By Mohammed Adamu

Magnus Kpakol, as Chief Economic Adviser to President Obasanjo, once explained ‘economic growth’ in the sense I discerned to mean a most ludicrous paradox. Like: ‘progressing on the path of retrogression’, or maybe ‘gaining in the direction of losses’; or yet ‘improving on the path of depletion’; or better still ‘growing from the rump of decay’.

But I had thought that the only doctrine that supports ‘life’ coming out of decaying matter is that mysteriously transcendental (or is it transcendentally mysterious?) situation in which the ‘seed’ rots so that a seed-bearing plant may come to life. But away from the transcendental, Kpakol it was who first gave me the idea of the possibility of ‘growth’ even in the direction of ‘decay’.

Kpakol chose an abstract kind of logic as ground to support his ‘good reasons’ for commending an ‘under-performing’ economy when he explained ‘growth’ in relation to the fate of a long distance runner who he said ‘falls into a ditch’. A veritable loss scenario you would say. Yet, he said, every effort the runner makes in getting out of the ditch represents ‘growth’. ‘Growth away from ‘growth zone’. Or a sprout from off the nodal point.

What would Kpakol’s ‘runner’ have been recording if he hadn’t fallen off track in the first place? -‘supper growth’? At least even ‘Kelvin’, the never-do-well character in the American Sit Com ‘House of Payne’ has his own queer idea about ‘doing well’. He measures his ‘rise’ only by the fall of his presumed competitors: “My cousin’s house is burned down” he says, “his wife is on crack (drugs) and he is living in my father’s house; wow! I must be doing better than Curtis!”

This is our kind of logic: being better than the next ‘failed guy’! And so since fraudulent economists will not leave ‘logic’ to lawyers or ‘metaphysics’ to philosophers, maybe we should help them suggest even whackier scenarios than simply defining ‘growth’ as a function of ‘push’ from a pre-determined failed-ditched effort!

So now that we know ‘growth’ to be ‘movement toward a loss goal’, -in Kpakol’s terms that is-, by the same stretch of logic, we can help to grow the ‘idea’. And you know what Mencken said about the ‘idealist’: he is “one who, on noticing that a rose smells better than a cabbage, concludes that it will also make better soup”  So ‘growth’ may even go beyond ‘movement toward a loss goal’, to  mean: ‘movement toward no goal at all!

Suppose Kpakol’s long distance runner, rather than working his way out of the ditch, decides instead to dig himself further into the ditch, because it appears to him -in the circumstances-, that digging further in, first, is a pre-condition to working his way out of the ditch. Nor would it matter how much ‘further in’ he digs, as long as it is in the belief –or even the delusion- that doing so is sine qua non to returning himself to the ‘lost race’! Logically-speaking according to Kpakol’s theory of ‘inverse growth’, every inch our ditched ‘runner’ gains in ‘digging himself further in’, is also counted as ‘growth’.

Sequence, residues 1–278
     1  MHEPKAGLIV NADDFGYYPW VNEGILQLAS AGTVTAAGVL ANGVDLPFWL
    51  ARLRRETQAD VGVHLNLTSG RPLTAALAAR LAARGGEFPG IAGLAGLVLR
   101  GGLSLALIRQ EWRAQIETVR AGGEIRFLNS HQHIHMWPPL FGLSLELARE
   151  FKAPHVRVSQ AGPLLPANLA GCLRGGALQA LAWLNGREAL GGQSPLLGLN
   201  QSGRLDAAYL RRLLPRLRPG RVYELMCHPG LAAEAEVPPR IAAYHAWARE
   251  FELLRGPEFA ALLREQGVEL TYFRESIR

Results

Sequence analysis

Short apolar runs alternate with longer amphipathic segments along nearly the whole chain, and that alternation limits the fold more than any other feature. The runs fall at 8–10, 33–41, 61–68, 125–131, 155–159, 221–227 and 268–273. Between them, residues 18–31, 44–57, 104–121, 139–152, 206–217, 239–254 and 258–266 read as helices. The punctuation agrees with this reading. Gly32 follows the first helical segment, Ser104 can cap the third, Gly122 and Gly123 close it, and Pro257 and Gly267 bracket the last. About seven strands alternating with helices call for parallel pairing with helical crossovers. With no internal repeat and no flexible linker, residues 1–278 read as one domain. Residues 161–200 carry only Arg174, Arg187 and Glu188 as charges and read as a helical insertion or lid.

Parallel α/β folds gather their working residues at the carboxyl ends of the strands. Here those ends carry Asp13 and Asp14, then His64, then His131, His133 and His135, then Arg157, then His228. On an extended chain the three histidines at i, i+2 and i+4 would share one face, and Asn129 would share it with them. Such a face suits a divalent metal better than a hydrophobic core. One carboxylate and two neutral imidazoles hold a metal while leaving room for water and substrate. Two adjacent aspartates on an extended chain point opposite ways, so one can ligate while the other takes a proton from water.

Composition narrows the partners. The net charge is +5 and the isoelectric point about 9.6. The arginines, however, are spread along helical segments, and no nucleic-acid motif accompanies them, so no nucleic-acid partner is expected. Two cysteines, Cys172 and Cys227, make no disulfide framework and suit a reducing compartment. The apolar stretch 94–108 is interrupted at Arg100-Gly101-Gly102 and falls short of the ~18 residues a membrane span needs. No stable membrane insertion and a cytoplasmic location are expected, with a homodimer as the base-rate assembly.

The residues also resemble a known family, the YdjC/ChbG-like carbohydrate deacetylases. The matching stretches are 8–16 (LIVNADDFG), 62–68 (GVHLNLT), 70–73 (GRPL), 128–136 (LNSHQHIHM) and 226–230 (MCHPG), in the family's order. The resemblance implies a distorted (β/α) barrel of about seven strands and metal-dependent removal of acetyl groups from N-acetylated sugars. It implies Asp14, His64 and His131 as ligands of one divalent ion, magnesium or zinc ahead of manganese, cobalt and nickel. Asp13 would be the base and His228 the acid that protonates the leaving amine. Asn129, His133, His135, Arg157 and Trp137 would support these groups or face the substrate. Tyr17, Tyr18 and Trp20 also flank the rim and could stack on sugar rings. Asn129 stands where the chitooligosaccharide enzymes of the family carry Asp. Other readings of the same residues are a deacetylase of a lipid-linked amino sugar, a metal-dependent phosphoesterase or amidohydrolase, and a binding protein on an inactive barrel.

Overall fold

And you ask the question: ‘how much further are Nigerians willing to fraudulently stretch logic in order to conjure ‘false growth’?

The renowned American Economist, Arthur Burns, once on a visit to Israel in the 70s, said he had asked David Ben-Gurion, first Prime Minister of Israel, how the Israelis were able to make rapid advances in industry and commerce especially in the absence of natural resources and on the bare backs of a barren desert in acute shortage even of the most basic of such resource, namely water? And he said that Ben-Gurion replied “We did it first by dreaming, then by doing what the economists said was impossible”.

Three Ds are deducible from the Israeli kind of mind set: ‘Dreaming, Daring and Demystifying’. But to us only the ‘Dream’. Big ‘Dream’! No ‘Daring’. And rather than setting out to ‘Demystify’ obstacles, we are adept only in ‘mystifying’ that which is simple! We can prove ‘economic growth’ not only in the absence of ‘increase’ but even in the midst of abject depravity!

The Israeli spirit and perspective of development is ‘growth’ achieved in the inverse of delimiting economic principles. It is like saying: ‘we’ll not work to prove any theory right which sets limit to how farther we can achieve!’ But ours is to ‘travel in the direction of rot and decay’, but to believe we are on the path of growth!

The Israelis have proved right, Arthur Burns in his treaties on national economies where he wrote: “the human element” is a basic ingredient in the creation of virile, vibrant and stable economies that combine “full employment with high productivity”. Because the ‘human element’ which he said consists mostly of the dreams, fears, and hopes of ‘individuals’, ‘groups’ or ‘institutions’, is so often capable of upsetting even “the most expert calculations”.

Thus if the ‘human element’ is inert and irresponsive to appropriate and timely stimulus, or if it is haemorrhaged -or discomfitured- by petty and idle hankerings, ‘the human element’ will definitely upset even “the most expert calculations”.

Perhaps it is from human perspectives such as this espoused by Arthur Burns that the coinage ‘man’s hope is a crucial element in man’s fate’ came to be popularised.  But what, you may ask, if a nation’s ‘calculations’ are not even any near ‘expert’? Or worse still if they are, like ours, of the ‘most mediocre’ variety?

Singapore’s President, Lee Kuan Yew, when he was asked about the economic and technological ‘miracle’ that is now personified in his country’s growth, said there was actually no miracle: “We did a few things right and we kept doing them right”. Simpliciter!


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